- The Job Search is a collection of resources for people looking for jobs in academia. It includes information on beginning your search, assembling your application materials, interviewing, negotiating, and dealing with additional considerations (such as being part of a dual career couple).
- The job talk, (PowerPoint 30kB Aug2 06) from Ann Bykerk-Kauffman, summarizes a few key points about how to give an effective presentation during an on-campus interview.
4:30-5:00 Negotiating Before You Accept an Academic Position: Setting Yourself Up for Success - Arrillaga Alumni Center, Fisher Conference Center, Barnes Room
- Negotiating for What You Need to be Successful is a collection of resources about negotiating an academic contract – what to negotiate for, and how to negotiate effectively (and pleasantly).
- 36 Negotiable Items in an Academic Position is an impressive list of things you might not think of when negotiating.
5:00-5:30 Reflection, Next Steps, and Workshop Evaluation - Arrillaga Alumni Center, Fisher Conference Center, Barnes Room
6:30 Reception followed by dinner at 7:00 - Branner Dining Hall. Dinner will be followed by an optional contra dance for those who are interested.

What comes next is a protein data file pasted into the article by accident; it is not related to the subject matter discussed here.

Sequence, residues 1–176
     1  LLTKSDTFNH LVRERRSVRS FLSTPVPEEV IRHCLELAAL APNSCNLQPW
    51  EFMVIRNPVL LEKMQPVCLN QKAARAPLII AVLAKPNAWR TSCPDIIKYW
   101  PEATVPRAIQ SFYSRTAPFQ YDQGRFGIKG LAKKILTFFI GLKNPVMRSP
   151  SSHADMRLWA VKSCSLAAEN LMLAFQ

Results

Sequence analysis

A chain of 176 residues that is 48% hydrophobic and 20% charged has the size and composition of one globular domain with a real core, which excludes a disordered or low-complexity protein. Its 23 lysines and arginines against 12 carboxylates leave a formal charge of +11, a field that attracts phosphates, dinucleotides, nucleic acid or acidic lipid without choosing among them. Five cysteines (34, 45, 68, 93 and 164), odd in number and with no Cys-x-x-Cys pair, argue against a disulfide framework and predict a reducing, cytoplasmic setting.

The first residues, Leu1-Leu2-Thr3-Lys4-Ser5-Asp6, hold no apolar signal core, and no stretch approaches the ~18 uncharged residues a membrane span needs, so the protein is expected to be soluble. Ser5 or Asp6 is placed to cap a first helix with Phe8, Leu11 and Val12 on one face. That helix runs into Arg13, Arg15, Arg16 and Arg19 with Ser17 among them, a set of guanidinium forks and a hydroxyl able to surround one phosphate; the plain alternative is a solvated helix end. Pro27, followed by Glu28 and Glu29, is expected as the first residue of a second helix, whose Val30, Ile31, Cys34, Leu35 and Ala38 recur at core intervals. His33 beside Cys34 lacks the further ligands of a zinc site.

- Dave Mogk, a mineralogist and contra dance caller, has written a set of web pages on Teaching Symmetry Using Kinesthetic Learning – An Exercise Using "Old-Time" Dances. In these web pages, Dave explains (with numerous video clips) how he uses traditional American contra and square dances to teach several concepts related to mineral symmetry.
Sunday, August 1, 2010
7:00-8:30 Breakfast - Stern Dining Hall
Optional Workshop Sessions - Mitchell Hall
8:30-9:30 Concurrent Workshops: Session 1
- Strategic Early Career Planning (PowerPoint 1.1MB Jul19 10) - Mitchell Building, Hartley Conference Center (first floor)
This session focuses on short term (three-five year) planning once you have landed an academic job. The emphasis is on how to effectively capture the "big picture" of your job responsibilities and to use this perspective to strategically plan and prioritize different facets of your work in the pre-tenure years.
- International Field Teaching and Research with Undergraduate Students (PowerPoint 18.5MB Jul19 10) - Mitchell Building, Room 352 (third floor)
This session focuses on strategies for running and funding international courses and research projects at a Primarily Undergraduate Institution (PUI).
- Preparing a Syllabus (Acrobat (PDF) 144kB Jul19 10) - Mitchell Building, Room 370 (third floor)
We can eliminate stress for ourselves and our students by clearly detailing our expectations and course logistics in a syllabus on the first day of class. In this session, we will review different topics that one should address in a syllabus, both for the benefit of the instructor and the student. We will also discuss the many ways in which we can design a class and grading system that allows students to take control of their own class performance and feel happier and more engaged in the course.